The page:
Hold on to Health During the Holidays

If jingle bells jangle nerves and send you snacking, simple tips can help

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By Amanda Gardner
HealthDay Reporter

FRIDAY, Dec. 23, 2005 (HealthDay News) -- The biggest challenge this holiday season may not be not getting everything done on time: It might be heeding Santa's generous spirit while avoiding his ample figure.

The challenge to stay slim amid all that Yuletide cheer isn't as hard as you might think. Those tasks you've been avoiding -- like finishing the tree decorations and wrapping presents -- will shave off at least some of the calories consumed at the holiday table, experts say.

Here are some tips for a happy and healthy holiday season:

  • Check your to-do list for calorie-burning activities. One hour of putting up a Christmas tree can burn about 150 calories, as can one hour of trekking the malls for presents. One hour of wrapping those gifts can eliminate 102 calories. But don't assume ordinary holiday activities will burn up the ordinary holiday feast: An average slice of pecan pie is 500 calories, i.e, five hours of wrapping.
  • Laugh well, laugh often. Not only is laughter a great stress reliever, said Molly Kimball, sports and lifestyle nutritionist at the Ochsner Clinic's Elmwood Fitness Center in New Orleans, it burns calories. Researchers at Vanderbilt University recently found that 10 to 15 minutes of genuine laughter a day can burn an extra 10 to 40 calories. "Over the course of a week, that's up to 300 calories," Kimball said. And that equals one eight-ounce glass of eggnog.
  • Forget the food, remember the people. "The biggest reason you're at a party is the people you might only see at this time of the year," Kimball said. "Focus on them, not the buffet table."
  • In high-risk situations, chew gum. "After all, you have to take gum out in order to eat," noted Cathy Nonas, director of the diabetes and obesity programs at North General Hospital in New York City and author of Outwit Your Weight.
  • Don't eat before, during and after a party. Just pick one timeframe and stick to it.
  • Switch hands. "If you are a right-handed person, hold your drink in your right hand," Nonas advised. "When you reach for food with your left, it will feel awkward and make you think twice."
  • Sit pretty. If you're at a sit-down meal, Nonas recommends keeping your chair slightly away from the table. Also, be the last to start eating and drink water to slow you down (one glass before you start noshing and one glass halfway through). Other than water, avoid liquid calories; they're not as filling.
  • Avoid fatty foods -- and a heart attack. "If you eat a very large, fatty meal, you're much more prone to having a heart attack," said Dr. Michael Kim, director of the Coronary Care Unit at Mount Sinai Medical Center in New York City. And this is an immediate risk, not a long-term possibility. Fatty foods can trigger dangerous changes to blood vessels right after eating. "If all you're thinking about is your health, there's no room for that one big meal," Kim. Not only are heart attacks more common during the holidays, they are also deadlier, research indicates.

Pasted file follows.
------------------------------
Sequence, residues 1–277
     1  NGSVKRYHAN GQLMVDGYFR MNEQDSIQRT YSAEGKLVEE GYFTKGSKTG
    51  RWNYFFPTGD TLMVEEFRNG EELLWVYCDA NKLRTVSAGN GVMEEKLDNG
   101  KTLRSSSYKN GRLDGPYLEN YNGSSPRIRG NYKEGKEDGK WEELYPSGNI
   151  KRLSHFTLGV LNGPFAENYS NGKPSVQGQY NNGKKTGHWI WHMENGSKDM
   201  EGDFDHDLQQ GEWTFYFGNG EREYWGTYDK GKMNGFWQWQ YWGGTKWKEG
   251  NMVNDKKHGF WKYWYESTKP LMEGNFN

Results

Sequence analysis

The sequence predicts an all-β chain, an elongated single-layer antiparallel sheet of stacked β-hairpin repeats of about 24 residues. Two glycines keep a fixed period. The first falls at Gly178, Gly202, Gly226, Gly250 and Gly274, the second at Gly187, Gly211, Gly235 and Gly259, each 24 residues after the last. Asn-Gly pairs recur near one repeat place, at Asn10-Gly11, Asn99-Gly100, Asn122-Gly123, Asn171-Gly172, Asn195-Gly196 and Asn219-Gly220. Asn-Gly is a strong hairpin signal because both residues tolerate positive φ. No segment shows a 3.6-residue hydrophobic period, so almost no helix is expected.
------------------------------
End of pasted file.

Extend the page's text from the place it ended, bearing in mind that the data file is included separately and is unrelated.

• Limit your alcohol intake. "Moderate alcohol intake has been shown to decrease your overall risk of heart disease and stroke," Kim said. "Excessive drinking actually increases it." As the alcohol leaves your body, it can cause high blood pressure, high adrenaline levels and irregular heart rhythms.
  • Avoid alcoholic drinks with lemon. "It facilitates absorption from the stomach and gives you an immediate buzz," said Dr. Gopal Upadhya, medical director of the Areba Casriel Institute in New York City. The same goes for carbonated drinks, as these enter the bloodstream faster.
  • Eat before you drink and don't consume more than one drink every one-and-a-half hours. Alternate alcoholic drinks with non-alcoholic drinks, Upadhya urged.
  • Bundle up against the cold. Low temperatures restrict blood flow and can increase blood pressure.
  • Avoid "Merry Stressmas" syndrome by tempering expectations. "The major stressor at this time has to do with unrealistic expectations," said Dr. Gail Saltz, a clinical associate professor of psychiatry at New York Presbyterian Hospital/Weill Cornell Medical Center in New York City and author of Becoming Real. "The holidays resurrect childhood memories which have a wonderful, magical aspect on the one hand but, on the other hand, have an idealized aspect because, when you were a child, it was all perfect. You didn't see your mother tearing her hair out. Getting let down is very stressful."
  • Recognize that you can't do it all. "Awareness helps, otherwise you will be fighting with yourself all the time," Saltz said. "At this time of year, the commercial trappings represent the love, the gift represents the love, how many lights you put up and how great the meal is. Instead, we have to think about loving each other, being grateful that we have each other and we have our health."

More information

The U.S. Centers for Disease Control and Prevention has more on holiday health.

SOURCES: Molly Kimball, R.D., sports and lifestyle nutritionist, Elmwood Fitness Center, Ochsner Clinic, New Orleans; Michael Kim, director, Coronary Care Unit, Mount Sinai Medical Center, New York City; Cathy Nonas, M.S., R.D., director, diabetes and obesity programs, North General Hospital, New York City, spokeswoman, American Dietetic Association and author, Outwit Your Weight; Gail Saltz, M.D., clinical associate professor, psychiatry, New York Presbyterian Hospital/Weill Cornell Medical Center, New York City and author, Becoming Real; Gopal Upadhya, M.D., medical director, Areba Casriel Institute, New York City

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